UCI Engineering Alumna Contributes Technology Expertise in the U.S. Digital Corps
Nov. 9, 2023 - Veronica Swanson ’14 (B.S.), ’16 (M.A.), ’23 (Ph.D.) earned all three of her degrees in mechanical engineering at the UCI Samueli School of Engineering before joining the U.S. Digital Corps (USDC) as a data science and analytics fellow. Launched in 2021 in collaboration with the White House and partners across government, the U.S. Digital Corps offers early-career technologists an onramp into federal service with the potential to convert into permanent positions. Fellows support agencies with skills including software engineering, product management, design, data science and analytics, and cybersecurity. Swanson is one of 48 fellows selected from 1,355 applicants this year, and she will serve two years supporting the U.S. Department of Agriculture.
Tell us about your work at the U.S. Department of Agriculture.
I am working (remotely) for the U.S. Department of Agriculture in the Office of the Chief Information Officer. USDA is working on many projects across its mission areas to promote equity in the services the American public receives and has access to. These projects are related to White House initiatives such as Justice40 and Executive Orders like EO 1385: Further Advancing Racial Equity and Support for Underserved Communities Through The Federal Government. I am working with a team to develop a dashboard that will allow decision-makers to view what projects are currently underway across the agency related to different initiatives and track the progress of these projects.
What motivated you to apply to this government fellowship?
A desire to be a part of projects that contribute to public good and are scoped less by their revenue potential.
Why are you interested in public policy?
I’m interested in public policy for its potential broad impact downstream in the lives of many people. My role is more focused on the implementation of policy than policy development. I think implementation is often overlooked, but the way you implement a project has a big effect on the success of a project.
What are some of the challenges the government faces regarding technology/digital transformation?
There are a lot of factors that present challenges for government transformation. Many people have and continue to work on this topic.
In my role specifically, I’ve seen that some challenges stem from the length of time many of these government institutions have existed. Across all organizations -- not just in government -- maintenance or innovation of a system isn’t always a priority if the system works well enough. There are also many competing needs and stakeholders with different priorities.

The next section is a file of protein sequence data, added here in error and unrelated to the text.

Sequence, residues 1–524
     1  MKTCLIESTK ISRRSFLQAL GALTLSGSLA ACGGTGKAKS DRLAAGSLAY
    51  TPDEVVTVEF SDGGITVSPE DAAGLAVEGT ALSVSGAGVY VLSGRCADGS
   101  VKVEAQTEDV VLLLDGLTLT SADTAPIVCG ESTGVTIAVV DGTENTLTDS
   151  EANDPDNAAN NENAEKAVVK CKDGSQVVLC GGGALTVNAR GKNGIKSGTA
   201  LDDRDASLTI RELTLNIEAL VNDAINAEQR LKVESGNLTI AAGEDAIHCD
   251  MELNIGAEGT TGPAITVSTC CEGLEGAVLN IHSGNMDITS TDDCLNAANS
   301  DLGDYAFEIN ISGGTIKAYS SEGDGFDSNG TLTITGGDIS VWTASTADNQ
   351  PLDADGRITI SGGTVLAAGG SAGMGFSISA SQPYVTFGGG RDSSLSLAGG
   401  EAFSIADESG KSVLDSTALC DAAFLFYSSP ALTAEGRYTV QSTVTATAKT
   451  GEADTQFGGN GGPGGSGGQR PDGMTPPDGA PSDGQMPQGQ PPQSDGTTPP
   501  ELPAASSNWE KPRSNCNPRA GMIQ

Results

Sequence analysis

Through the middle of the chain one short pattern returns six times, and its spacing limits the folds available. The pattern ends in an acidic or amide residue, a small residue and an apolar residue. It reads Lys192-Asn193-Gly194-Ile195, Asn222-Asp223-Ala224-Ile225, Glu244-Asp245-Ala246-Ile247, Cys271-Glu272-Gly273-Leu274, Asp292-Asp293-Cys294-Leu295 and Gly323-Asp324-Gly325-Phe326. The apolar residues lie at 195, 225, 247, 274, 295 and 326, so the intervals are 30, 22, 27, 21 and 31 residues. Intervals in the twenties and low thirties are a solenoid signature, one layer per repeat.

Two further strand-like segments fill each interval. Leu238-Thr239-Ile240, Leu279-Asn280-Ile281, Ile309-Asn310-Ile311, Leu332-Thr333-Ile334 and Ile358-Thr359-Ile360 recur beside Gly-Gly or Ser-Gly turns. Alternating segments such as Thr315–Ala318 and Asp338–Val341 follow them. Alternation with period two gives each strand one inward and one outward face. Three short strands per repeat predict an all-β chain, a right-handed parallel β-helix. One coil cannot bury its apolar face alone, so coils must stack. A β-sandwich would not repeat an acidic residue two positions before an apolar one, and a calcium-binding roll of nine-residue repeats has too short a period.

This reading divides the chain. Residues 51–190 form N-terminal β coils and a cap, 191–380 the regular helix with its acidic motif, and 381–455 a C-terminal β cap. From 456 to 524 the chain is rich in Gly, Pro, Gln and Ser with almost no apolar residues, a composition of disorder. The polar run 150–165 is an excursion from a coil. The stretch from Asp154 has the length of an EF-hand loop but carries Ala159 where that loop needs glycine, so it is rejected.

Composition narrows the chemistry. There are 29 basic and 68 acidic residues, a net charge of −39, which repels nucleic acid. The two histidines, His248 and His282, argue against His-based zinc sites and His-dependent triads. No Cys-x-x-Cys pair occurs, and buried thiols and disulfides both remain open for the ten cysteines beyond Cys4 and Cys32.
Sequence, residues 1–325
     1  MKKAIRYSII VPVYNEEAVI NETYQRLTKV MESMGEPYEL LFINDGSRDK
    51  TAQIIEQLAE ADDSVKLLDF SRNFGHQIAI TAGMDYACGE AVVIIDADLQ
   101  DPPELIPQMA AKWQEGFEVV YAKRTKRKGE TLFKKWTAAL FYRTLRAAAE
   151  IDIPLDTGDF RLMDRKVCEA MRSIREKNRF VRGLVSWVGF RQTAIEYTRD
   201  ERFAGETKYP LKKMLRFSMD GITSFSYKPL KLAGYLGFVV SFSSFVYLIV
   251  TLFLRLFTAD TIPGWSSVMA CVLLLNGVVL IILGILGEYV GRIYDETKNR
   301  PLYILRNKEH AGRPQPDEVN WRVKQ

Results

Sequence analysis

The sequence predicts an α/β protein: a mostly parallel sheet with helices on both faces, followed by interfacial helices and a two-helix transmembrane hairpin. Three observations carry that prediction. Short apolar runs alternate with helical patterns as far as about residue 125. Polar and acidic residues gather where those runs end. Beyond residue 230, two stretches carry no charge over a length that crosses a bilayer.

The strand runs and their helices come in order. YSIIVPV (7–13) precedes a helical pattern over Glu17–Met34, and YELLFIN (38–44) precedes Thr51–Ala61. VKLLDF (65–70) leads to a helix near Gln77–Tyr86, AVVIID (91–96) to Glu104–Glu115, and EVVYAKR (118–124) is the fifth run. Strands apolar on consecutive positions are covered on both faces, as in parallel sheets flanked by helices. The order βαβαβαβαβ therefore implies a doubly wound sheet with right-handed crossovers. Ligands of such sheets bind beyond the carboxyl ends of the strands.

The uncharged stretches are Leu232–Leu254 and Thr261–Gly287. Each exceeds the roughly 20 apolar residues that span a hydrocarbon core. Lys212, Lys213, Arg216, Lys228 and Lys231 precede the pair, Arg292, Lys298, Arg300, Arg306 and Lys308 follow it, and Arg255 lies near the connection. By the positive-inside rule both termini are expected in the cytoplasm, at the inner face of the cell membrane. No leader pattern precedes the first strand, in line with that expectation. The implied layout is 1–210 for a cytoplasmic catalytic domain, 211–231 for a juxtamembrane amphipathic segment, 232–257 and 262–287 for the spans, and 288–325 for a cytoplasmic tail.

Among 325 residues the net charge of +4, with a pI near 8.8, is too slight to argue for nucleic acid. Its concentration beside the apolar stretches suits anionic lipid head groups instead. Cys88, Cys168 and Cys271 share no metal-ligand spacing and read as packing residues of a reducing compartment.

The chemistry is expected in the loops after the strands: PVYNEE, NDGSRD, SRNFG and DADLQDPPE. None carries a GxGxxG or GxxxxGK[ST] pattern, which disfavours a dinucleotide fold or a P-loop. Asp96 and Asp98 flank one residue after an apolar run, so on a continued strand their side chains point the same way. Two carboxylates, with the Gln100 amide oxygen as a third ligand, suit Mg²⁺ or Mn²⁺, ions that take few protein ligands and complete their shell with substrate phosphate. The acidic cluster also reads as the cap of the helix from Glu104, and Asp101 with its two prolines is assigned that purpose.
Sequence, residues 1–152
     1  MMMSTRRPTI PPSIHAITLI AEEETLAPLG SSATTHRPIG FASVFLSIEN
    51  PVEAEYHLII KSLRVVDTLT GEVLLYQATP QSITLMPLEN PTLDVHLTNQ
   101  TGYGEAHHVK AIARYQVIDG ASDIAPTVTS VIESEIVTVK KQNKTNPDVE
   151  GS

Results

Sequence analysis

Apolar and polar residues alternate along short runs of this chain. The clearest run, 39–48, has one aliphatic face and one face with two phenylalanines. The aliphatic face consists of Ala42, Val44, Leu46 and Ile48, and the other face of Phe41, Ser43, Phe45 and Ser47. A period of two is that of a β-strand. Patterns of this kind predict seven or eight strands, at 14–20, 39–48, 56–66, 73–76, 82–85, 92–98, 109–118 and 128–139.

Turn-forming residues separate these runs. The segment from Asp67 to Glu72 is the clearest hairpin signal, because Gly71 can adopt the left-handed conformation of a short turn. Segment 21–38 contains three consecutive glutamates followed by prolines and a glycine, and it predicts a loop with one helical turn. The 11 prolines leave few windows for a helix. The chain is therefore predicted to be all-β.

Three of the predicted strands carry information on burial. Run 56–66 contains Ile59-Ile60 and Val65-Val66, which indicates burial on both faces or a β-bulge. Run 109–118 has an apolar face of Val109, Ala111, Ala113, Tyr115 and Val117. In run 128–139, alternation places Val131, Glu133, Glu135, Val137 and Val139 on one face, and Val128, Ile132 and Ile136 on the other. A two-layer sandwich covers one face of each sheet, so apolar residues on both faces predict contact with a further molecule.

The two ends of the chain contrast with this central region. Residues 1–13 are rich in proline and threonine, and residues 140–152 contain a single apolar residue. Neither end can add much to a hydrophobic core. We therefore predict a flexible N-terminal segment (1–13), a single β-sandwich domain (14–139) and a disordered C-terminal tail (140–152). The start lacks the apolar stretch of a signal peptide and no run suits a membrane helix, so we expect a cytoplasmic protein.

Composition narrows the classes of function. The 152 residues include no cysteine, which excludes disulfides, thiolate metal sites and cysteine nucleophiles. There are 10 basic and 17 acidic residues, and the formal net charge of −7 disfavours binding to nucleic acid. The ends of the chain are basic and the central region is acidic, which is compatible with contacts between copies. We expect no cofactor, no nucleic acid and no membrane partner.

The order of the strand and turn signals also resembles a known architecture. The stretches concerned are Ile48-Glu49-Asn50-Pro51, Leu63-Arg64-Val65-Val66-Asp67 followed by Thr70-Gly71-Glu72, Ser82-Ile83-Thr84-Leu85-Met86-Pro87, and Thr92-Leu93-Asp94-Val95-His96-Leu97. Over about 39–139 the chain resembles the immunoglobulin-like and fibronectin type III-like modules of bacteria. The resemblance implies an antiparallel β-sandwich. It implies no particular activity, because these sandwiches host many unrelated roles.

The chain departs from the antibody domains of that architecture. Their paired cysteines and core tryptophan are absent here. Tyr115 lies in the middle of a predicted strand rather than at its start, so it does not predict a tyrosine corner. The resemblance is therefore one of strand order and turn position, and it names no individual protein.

So, one of the challenges for technologists is to communicate why change is needed, and what we are losing if we don’t invest in specific ways.
What are you hoping to achieve as a fellow?
I think technology implementation has the potential to streamline and connect processes. I’m hoping to help make important information more accessible. If we don’t have data, we can’t make data-driven decisions, and we can’t evaluate the success of policy implementation.
What are your career plans after the two-year fellowship?
At this point, it’s too early to tell. At the end of the program, I’ll be a different person, and what I’m interested in and what I want may be different. I’m a big believer in the idea that a large part of success is being in the right place at the right time. So what opportunities I’ll have available will depend on my experience and networking over the next two years.
How did your UCI engineering education prepare you for this role?
I think my engineering education has helped me develop process-oriented and systematic problem-solving strategies. Those strategies help me tackle projects even if the domain or the programs are unfamiliar to me. I’m grateful for the people I got to meet at UCI. I worked and learned with people from a diverse range of backgrounds and perspectives that I might have not seen otherwise.
Were there any special mentors you had at UCI?
Yes, I had a number of hands-on projects and teaching experiences facilitated by UCI faculty and staff. Leyla Riley, Ben Dolan, Lily Wu, Ian Harris, Michael McCarthy, Gregory Washington and David Reinkensmeyer – to name a few – all helped me with teaching, outreach and project-based learning experiences that were very important to me.
What inspired you to be an engineer?
An interest in understanding how things work and using that knowledge to make change.
What advice would you give to first year Anteater engineers?
When you’re starting out, it’s important to explore a lot of opportunities, fields and disciplines. Often, when you get a job or pursue academic research, you focus on a topic or process. So, identifying what you are interested in earlier will help you find more fulfilling opportunities later. And, you may end up finding skills from one experience that end up helping you in a domain you thought was unrelated.
– Lori Brandt